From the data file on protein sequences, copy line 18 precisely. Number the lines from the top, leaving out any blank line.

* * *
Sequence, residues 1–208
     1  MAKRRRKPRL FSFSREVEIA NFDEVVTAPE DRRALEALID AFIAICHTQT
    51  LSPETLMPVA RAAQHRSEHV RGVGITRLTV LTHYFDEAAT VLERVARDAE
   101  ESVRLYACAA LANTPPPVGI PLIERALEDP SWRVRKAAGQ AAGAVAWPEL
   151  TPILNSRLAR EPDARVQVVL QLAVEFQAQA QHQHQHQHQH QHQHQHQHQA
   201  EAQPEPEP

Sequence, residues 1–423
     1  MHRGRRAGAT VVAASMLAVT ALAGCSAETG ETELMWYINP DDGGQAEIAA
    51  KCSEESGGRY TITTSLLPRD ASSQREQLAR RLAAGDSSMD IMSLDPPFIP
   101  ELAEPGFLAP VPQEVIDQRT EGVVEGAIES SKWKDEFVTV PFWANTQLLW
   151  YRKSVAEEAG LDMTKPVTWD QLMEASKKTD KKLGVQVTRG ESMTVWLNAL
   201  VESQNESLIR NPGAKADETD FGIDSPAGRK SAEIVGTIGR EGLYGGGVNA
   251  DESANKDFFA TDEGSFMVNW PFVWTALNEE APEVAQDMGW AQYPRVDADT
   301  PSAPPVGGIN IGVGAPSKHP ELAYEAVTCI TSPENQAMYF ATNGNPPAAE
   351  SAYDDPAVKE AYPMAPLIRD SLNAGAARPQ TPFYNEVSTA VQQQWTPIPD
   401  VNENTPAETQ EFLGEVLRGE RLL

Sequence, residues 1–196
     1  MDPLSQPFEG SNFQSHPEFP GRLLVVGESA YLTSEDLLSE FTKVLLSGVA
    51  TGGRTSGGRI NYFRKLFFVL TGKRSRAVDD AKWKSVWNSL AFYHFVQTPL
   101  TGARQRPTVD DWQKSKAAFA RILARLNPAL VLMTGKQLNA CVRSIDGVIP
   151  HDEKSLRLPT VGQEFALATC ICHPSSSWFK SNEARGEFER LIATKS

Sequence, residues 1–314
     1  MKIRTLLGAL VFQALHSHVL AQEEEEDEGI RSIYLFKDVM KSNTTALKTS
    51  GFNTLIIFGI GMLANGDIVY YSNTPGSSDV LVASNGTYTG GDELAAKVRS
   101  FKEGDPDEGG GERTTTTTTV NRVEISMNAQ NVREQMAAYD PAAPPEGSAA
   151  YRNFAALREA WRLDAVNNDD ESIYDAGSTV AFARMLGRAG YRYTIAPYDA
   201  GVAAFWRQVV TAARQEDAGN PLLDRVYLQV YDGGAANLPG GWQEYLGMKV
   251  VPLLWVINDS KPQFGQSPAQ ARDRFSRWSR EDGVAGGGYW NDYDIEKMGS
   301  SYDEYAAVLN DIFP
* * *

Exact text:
     1  MDPLSQPFEG SNFQSHPEFP GRLLVVGESA YLTSEDLLSE FTKVLLSGVA